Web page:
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N2 - Short-term studies have suggested that analogs of prostaglandin E may have favorable effects on the carbohydrate and lipid metabolism in patients with type II diabetes mellitus. The present study was undertaken to investigate the long-term effects of a prostaglandin E1 analog on the regulation of glycemic control and plasma lipids. Twenty patients with type II diabetes received enisoprost, 300 mcg/day, for three months. Fasting serum glucose, glycosylated hemoglobin, insulin and C-peptide levels as well as triglyceride, total cholesterol, high density lipoprotein cholesterol and its subfractions, apolipoproteins B and AI and post-heparin lipoprotein lipase and hepatic triglyceride lipase activities were determined. During the first month, enisoprost treatment caused significant decreases in plasma glucose (baseline = 8.72 ± 0.39 mmol/L, 4 week = 7.78 ± 0.5 mmol/L, change = -0.94 ± 0.28 mmol/L, p < 0.01) and total cholesterol (baseline = 5.30 ± 0.23 mmol/L, 4 week = 5.01 ± 0.26 mmol/L, change = -0.28 ± 0.06 mmol/L, p < 0.05). The decrease in cholesterol level was due to a reduction in high density lipoprotein, specifically in high density lipoprotein2 fraction (baseline = 1.29 ± 0.1 mmol/L, 4 week = 1.12 ± 0.08 mmol/L, change = -0.018 ± 0.04 mmol/L, p < 0 05 for the former and baseline = 0.40 ± 0.06 mmol/L, 4 week = 0.27 ± 0.03 mmol/L, change = -0.12 ± 0.03 mmol/L, p < 0.05 for the latter): All of these values returned to the pretreatment levels despite continuation of enisoprost. Glycosylated hemoglobin, insulin, C-peptide, triglyceride, low density lipoprotein-cholesterol, apoprotein B and AI concentrations and post-heparin lipoprotein lipase or hepatic triglyceride activities did not change significantly. In summary, enisoprost treatment reduced the plasma glucose, cholesterol and high density lipoprotein cholesterol levels in type II diabetic patients. However, these effects were not sustained during long-term treatment. Therefore, further studies are needed to determine the long-term metabolic effects of various prostaglandin analogs.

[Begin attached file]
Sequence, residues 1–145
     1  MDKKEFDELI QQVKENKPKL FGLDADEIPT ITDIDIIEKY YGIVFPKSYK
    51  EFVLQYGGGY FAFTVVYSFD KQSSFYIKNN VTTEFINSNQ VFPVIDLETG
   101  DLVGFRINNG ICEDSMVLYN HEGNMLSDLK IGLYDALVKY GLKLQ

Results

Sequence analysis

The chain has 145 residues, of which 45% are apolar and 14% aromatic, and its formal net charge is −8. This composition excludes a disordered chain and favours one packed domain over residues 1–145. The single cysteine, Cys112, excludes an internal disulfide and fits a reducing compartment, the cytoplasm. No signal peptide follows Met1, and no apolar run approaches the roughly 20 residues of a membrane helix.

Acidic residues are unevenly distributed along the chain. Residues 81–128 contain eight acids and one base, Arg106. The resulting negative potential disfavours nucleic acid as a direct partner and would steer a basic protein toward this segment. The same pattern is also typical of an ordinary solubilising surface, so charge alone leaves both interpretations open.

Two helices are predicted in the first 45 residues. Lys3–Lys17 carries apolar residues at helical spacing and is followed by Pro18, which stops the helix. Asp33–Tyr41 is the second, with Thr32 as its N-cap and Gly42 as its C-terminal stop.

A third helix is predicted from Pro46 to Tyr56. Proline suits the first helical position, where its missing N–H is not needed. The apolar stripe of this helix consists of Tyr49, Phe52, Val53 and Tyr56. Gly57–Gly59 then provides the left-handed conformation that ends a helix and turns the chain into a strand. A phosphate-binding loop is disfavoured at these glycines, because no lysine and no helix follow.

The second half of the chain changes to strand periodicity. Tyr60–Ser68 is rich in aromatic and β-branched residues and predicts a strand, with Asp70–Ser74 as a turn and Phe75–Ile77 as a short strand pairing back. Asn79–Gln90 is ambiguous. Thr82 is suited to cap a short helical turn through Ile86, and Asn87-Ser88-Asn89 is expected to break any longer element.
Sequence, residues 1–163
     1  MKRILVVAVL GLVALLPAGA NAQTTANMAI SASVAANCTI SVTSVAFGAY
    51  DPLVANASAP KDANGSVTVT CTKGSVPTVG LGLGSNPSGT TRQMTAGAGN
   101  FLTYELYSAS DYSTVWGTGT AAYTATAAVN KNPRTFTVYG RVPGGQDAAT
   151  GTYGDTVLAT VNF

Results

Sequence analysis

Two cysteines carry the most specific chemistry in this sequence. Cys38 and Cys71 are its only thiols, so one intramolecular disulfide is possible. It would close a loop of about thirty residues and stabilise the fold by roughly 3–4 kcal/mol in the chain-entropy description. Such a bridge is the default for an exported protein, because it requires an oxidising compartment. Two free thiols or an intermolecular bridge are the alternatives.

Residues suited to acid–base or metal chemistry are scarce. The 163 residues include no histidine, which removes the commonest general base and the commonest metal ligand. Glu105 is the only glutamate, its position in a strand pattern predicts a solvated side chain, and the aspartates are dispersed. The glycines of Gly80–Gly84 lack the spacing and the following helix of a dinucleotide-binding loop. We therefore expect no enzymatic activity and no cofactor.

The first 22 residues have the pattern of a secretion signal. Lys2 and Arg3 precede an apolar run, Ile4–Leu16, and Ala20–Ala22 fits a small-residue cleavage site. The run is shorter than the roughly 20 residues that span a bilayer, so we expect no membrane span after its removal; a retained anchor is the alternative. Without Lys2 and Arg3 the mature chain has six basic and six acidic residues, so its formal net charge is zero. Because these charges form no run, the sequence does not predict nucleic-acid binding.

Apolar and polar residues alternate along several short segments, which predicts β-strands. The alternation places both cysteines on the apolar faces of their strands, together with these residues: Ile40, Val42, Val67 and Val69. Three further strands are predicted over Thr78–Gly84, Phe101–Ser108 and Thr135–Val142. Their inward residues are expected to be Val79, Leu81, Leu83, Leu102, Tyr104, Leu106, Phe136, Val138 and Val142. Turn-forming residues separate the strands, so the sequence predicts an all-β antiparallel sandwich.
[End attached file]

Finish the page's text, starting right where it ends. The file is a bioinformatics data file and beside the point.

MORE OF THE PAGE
AB - Short-term studies have suggested that analogs of prostaglandin E may have favorable effects on the carbohydrate and lipid metabolism in patients with type II diabetes mellitus. The present study was undertaken to investigate the long-term effects of a prostaglandin E1 analog on the regulation of glycemic control and plasma lipids. Twenty patients with type II diabetes received enisoprost, 300 mcg/day, for three months. Fasting serum glucose, glycosylated hemoglobin, insulin and C-peptide levels as well as triglyceride, total cholesterol, high density lipoprotein cholesterol and its subfractions, apolipoproteins B and AI and post-heparin lipoprotein lipase and hepatic triglyceride lipase activities were determined. During the first month, enisoprost treatment caused significant decreases in plasma glucose (baseline = 8.72 ± 0.39 mmol/L, 4 week = 7.78 ± 0.5 mmol/L, change = -0.94 ± 0.28 mmol/L, p < 0.01) and total cholesterol (baseline = 5.30 ± 0.23 mmol/L, 4 week = 5.01 ± 0.26 mmol/L, change = -0.28 ± 0.06 mmol/L, p < 0.05). The decrease in cholesterol level was due to a reduction in high density lipoprotein, specifically in high density lipoprotein2 fraction (baseline = 1.29 ± 0.1 mmol/L, 4 week = 1.12 ± 0.08 mmol/L, change = -0.018 ± 0.04 mmol/L, p < 0 05 for the former and baseline = 0.40 ± 0.06 mmol/L, 4 week = 0.27 ± 0.03 mmol/L, change = -0.12 ± 0.03 mmol/L, p < 0.05 for the latter): All of these values returned to the pretreatment levels despite continuation of enisoprost. Glycosylated hemoglobin, insulin, C-peptide, triglyceride, low density lipoprotein-cholesterol, apoprotein B and AI concentrations and post-heparin lipoprotein lipase or hepatic triglyceride activities did not change significantly. In summary, enisoprost treatment reduced the plasma glucose, cholesterol and high density lipoprotein cholesterol levels in type II diabetic patients. However, these effects were not sustained during long-term treatment. Therefore, further studies are needed to determine the long-term metabolic effects of various prostaglandin analogs.